Darn are those Puffins hard to catch in-flight. I've shot about 50 frames to end up with 3 usuable shots, this is one of them. While it has a bit of a hapless framing, it very well symbolises how I felt that day. :-)
The most famous place on Iceland for photographing Puffins are the cliffs of Látrabjarg in the Westfjords. However most stories from there are about shy birds and long lenses.
There's a lesser known but much more convinient place to observe these fascinating birds close-up. Hafnarholm, a tiny harbour east of Bakkagerđi (also known as Borgarfjörđur Eystri, 70km on minor but spectacular roads from Egilsstađir), has a few headlands teaming with Puffins. A wooden walkway lets you stroll in the middle of the colony, birds more curious than frightened.
Whereas catching Puffins in flight is still hard (or even harder as they whiz by within a few meters), you'll be able to capture the "Puffin sitting in green grass" postcards within 5 minutes with even the lowliest point-and-shoot camera.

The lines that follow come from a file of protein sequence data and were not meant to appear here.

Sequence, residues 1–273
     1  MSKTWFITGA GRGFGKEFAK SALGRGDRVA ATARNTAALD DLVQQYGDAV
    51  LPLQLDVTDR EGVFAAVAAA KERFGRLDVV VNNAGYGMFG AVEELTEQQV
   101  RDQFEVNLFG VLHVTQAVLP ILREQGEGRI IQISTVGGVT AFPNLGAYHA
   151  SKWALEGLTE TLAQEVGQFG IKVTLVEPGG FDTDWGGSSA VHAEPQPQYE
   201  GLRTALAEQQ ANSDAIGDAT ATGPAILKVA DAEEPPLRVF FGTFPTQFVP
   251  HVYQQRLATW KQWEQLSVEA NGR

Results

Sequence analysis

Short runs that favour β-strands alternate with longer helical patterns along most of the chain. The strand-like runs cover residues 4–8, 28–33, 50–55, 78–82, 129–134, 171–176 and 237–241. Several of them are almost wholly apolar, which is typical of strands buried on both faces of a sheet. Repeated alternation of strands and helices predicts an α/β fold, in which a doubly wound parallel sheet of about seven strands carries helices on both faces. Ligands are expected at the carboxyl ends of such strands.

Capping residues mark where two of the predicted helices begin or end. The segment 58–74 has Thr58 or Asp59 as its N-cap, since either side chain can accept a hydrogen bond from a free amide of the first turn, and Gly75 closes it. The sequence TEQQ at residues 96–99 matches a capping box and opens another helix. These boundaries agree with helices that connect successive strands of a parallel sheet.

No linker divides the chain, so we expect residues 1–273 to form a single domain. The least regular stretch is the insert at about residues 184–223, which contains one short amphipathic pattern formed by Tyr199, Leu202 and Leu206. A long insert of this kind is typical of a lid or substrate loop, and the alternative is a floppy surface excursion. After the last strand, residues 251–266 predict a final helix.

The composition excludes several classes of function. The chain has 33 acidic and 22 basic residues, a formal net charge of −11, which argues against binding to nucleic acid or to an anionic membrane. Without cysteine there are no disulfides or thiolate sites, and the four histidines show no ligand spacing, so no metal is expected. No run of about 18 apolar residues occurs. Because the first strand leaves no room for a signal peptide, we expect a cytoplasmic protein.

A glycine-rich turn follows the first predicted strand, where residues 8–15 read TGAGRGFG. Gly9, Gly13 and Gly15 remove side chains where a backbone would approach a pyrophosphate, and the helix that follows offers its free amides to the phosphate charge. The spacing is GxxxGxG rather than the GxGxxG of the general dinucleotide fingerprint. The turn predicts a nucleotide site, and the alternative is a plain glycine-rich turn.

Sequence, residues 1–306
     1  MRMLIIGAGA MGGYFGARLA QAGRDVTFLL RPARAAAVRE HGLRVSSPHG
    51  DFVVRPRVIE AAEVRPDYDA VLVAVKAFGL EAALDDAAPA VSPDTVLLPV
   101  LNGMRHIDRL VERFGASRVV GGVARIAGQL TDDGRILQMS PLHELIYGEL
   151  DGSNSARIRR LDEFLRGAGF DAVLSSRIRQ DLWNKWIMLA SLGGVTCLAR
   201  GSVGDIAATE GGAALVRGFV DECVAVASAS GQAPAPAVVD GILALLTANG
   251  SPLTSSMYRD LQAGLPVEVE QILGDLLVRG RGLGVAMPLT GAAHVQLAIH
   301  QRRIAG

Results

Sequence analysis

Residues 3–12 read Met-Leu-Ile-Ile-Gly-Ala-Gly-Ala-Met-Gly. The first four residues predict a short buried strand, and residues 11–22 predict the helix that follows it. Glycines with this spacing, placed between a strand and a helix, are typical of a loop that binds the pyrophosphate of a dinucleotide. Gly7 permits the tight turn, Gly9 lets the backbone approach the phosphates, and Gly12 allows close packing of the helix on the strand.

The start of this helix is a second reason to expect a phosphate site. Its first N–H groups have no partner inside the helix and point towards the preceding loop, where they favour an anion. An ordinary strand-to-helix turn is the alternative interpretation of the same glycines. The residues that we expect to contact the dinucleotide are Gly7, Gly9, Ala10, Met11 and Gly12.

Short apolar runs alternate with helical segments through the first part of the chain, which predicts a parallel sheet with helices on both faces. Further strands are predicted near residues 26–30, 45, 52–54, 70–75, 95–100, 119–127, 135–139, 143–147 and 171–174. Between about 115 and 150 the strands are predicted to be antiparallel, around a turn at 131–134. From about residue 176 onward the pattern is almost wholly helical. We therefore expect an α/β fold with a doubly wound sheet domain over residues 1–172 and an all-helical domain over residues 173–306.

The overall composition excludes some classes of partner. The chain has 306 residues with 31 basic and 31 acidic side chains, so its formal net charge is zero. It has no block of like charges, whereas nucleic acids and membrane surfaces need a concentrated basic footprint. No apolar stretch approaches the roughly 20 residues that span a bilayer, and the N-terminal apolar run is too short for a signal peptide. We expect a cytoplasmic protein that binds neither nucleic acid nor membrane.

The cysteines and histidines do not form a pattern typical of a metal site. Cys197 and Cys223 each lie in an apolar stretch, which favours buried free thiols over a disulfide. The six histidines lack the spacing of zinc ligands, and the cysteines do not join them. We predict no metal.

Critiques | Translate
cpolus (187) 2006-01-22 7:03
Hey, actually there's not much to see on this picture, only half a bird with his red legs. But this is somehow what makes this shot funny in a way, and fantastically unorthodox. Much room for imagination, good color depth in my eyes. Good movement. I like it very much!
Typical chicken note :)
emc (69) 2006-02-04 11:01
Hello, I try to hunt puffins too. It's very very difficult. We can't see him in all his size in this photo but... congratulations!!!!
We can see his legs and wings very well!!!
romanaa (7966) 2007-12-31 8:02
very funny, you made me laugh and relieved - it is not only me who sometimes feel hopeless while taking pictures. :-))
Happy New Year
- Copyright: Adrian Studer (chicken) (1557)
- Genre: Places
- Medium: Color
- Date Taken: 2005-06-25
- Categories: Humorous, Nature
- Camera: Canon EOS 10D, Canon EF 70-300mm f/4.5-5.6 DO IS USM, @ ISO 400
- Exposure: f/8, 1/800 seconds
- Map: view
- Photo Version: Original Version
- Travelogue: Iceland 2005
- Date Submitted: 2006-01-22 6:00